Thursday, May 30, 2013

Varieties of orchids at Gamone

This morning, once again, I strolled up along the road at Gamone to admire our splendid wild orchids, while attempting to identify as many as I could. In yesterday's blog post [display], I indicated the presence of many Monkey orchids (Orchis simia). I picked a few specimens and brought them home to be photographed. The monkeys in the following specimen have dark purple paws:

[Click to enlarge images.]

In another specimen, the monkeys are pale and slender... and the fellow at the bottom has an erection!

I don't know whether they're two slightly different varieties, or whether the first plant is simply more mature than the second. In the following specimen, probably a Military orchid (Orchis militaris), the form still has arms and legs, but it's more like a woman in a bulky skirt than a monkey:

I haven't been able to identify the following fine specimens, whose flowers have the form of a person wearing baggy pants, but they might be Burnt-tip orchids (Neotinea ustulata):

In various places on the slopes above the roadway, there are entire walls of Pyramidal orchids (Anacamptis pyramidalis).

From a distance, you might mistake each plant for a single flower. But, when you examine them more closely, you realize immediately that each pyramidical head is indeed a group of orchid blossoms.

The larger flowers at the bottom reveal the typical asymmetrical form of each orchid blossom, composed of three small sepals, two small petals and a large third petal, double-lobed, called the labellum.

Finally, the most exotic orchid specimens I discovered at Gamone were members of the Ophrys variety, whose labellum looks like a large insect.

I examined this specimen from every angle, and compared it with photos on the web, in an attempt to identify the exact variety.

I concluded that it could well be an Ophrys fuciflora (Late Spider-orchid), or maybe an Ophrys apifera (Bee Orchid).

Click here to access an excellent website with examples of many wild orchids. Incapable of identifying with certainty my Ophrys specimen, I decided to contact the creator of this website, Philippe Durbin, who's an expert on French orchids. Here's an English translation of his reply:
I can understand your problem, because it's not obvious! I would imagine a hybrid between Ophrys fuciflora and Ophrys apifera. No certainty, however. See if you can find its parents in the vicinity.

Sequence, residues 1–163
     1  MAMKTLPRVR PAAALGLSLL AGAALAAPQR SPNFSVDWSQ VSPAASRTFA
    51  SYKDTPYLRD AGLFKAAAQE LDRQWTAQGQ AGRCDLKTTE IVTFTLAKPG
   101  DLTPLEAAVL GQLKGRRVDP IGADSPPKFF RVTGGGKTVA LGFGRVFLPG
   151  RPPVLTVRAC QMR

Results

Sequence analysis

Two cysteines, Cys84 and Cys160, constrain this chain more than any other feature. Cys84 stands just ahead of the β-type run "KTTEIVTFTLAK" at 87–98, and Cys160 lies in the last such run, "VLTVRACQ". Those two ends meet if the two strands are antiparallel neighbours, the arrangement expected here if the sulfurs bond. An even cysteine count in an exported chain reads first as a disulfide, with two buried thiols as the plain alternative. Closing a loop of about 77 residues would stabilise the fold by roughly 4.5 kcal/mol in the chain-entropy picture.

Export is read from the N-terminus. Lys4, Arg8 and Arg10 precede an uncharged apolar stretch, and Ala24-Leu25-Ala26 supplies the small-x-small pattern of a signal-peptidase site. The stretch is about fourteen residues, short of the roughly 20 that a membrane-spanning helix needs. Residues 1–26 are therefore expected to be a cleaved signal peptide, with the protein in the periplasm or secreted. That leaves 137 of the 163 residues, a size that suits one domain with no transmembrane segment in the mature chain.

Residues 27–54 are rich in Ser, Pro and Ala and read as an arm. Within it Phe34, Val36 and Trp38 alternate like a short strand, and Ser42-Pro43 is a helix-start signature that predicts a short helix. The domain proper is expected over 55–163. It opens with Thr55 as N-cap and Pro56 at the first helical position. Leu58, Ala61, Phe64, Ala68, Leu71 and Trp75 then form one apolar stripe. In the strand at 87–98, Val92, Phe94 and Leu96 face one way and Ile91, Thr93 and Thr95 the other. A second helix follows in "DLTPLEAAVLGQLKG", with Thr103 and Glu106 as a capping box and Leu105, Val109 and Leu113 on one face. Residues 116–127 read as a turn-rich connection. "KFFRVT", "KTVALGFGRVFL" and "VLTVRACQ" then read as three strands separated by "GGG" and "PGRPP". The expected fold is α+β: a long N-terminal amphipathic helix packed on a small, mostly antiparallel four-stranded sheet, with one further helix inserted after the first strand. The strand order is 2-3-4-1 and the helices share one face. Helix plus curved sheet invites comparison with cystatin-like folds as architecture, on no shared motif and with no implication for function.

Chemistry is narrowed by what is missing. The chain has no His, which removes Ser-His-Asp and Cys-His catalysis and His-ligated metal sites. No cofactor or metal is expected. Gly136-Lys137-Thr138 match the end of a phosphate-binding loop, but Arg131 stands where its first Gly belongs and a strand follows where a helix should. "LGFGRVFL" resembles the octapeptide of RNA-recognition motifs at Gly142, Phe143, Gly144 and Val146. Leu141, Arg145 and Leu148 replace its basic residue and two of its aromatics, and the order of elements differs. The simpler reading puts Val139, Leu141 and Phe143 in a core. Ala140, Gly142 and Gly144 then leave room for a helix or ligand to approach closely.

Trust me, on my initial orchid excursion, to find a puzzling specimen! Now I'll have to wander back up on the slopes and look around for the mum and dad of this orchid love child. Why couldn't they simply procreate in a hermaphroditical fashion, like most self-respecting Ophrys orchids? Or with the help of a bee, like those queer orchids that get a kick out of bestiality? Maybe the parents of my puzzling orchid specimen had heard of "the good effects of intercrossing" in a book published in 1862 by a celebrated English naturalist.
Charles Darwin: On the various contrivances by which British and foreign orchids are fertilised by insects, and on the good effects of intercrossing.
Click here to access this surprising document, which proves (if need be) that the great Charles Darwin was indeed an amazing observer and scholar.

Wednesday, May 29, 2013

Wild orchids and an exotic moth

Yesterday afternoon, when I gazed towards the east from my bathroom window, I was quite excited by a tiny band of clear white sky that seemed to be peeping over the mountain ridge at the far end of the valley. Would this be a harbinger, at last, of the fine warm weather for which we've been waiting for weeks and weeks?

Well, it wasn't, because rain soon started to fall. Consequently, there hasn't yet been a slot of two or three days of sunshine to dry out the patches of turned-up earth, alongside my house, that are destined to be my vegetable garden.